OK, so now I had a translucent disk with a new dial label applied.  Now I needed to mount the disk to the mounting plate for the HW-16.  It turns out that this is harder than it sounds.  I expected some trouble drilling the holes through the polycarbonate disks.  But that turned out to be really easy.

Drilling mounting holes

Drilling mounting holes

While drilling the holes was pretty easy, getting them in the right location was more difficult.  I had put circles on the label to indicate where they were on the original dial, but there was just a bit of inaccuracy in a couple of the holes.  So when I mounted the plate, it was off center.

Off Center mounting

Off Center mounting

I installed the disk like that, but it wasn’t long before I discovered two things:  First, by being off center, the disk was tight on one end of the scale and loose on the other, causing it to disengage from the drive mechanism periodically.  Second, the drive mechanism was just to tight for the slightly thicker dial made from the old CD.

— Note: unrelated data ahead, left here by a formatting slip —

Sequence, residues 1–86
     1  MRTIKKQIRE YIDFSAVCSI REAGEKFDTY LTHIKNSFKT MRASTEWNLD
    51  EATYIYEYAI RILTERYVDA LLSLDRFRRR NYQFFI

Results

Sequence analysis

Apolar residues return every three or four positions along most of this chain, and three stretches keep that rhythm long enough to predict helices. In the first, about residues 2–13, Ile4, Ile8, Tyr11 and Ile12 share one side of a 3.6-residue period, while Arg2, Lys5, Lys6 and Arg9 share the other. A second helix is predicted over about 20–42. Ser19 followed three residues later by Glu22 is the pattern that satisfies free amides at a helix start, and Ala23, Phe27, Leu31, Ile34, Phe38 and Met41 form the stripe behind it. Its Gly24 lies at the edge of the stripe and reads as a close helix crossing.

I tackled the first problem by enlargening the holes from 1/8″ to 9/32″.  That allowed enough slack to be able to adjust the position of the disk slightly before tightening down the screws.  So I was able to get it pretty much centered.

Centered Mounting Hardware

Centered Mounting Hardware

Back side of mounting plate

Back side of mounting plate

Oh, I also noticed that a previous owner had mounted the plate on the wrong side of the dial, as well.  That is now fixed.

Now, on to the second problem.  Not only was the dial drive not consistently engaging on the thicker dial, but it felt like the drive assembly itself was galled, sticking and roughly operating.  I noticed that there were a couple of retainer clips holding the pieces together.  I have to admit, that the first time I took this apart, I reacquainted myself with why these are sometimes referred to as “Jesus” clips.

Disassembled Dial Drive

Disassembled Dial Drive

After taking this apart, I burnished the brass surfaces and added just a bit of grease to the shaft.  Upon reassembly, the drive was silky smooth, and easy to operate again.  To engage the thicker disk, I found a rubber grommet with the right size interior hole and slot around the outside.  I added that to the drive mechanism, and mounted it to the radio chassis again.  Now the drive works fine, and the tuning as nice and smooth.  I have detected no slippage, yet, but can keep an eye out for it.  If I do get some noticeable slippage, I can use some kind of glue to keep the grommet from rotating around the drive mechanism.  Or maybe just mount it tighter to the dial…

Dial Drive assembled

Dial Drive assembled

Dial installed and working, with backlight...

Dial installed and working, with backlight…

Next steps… Fix the meter.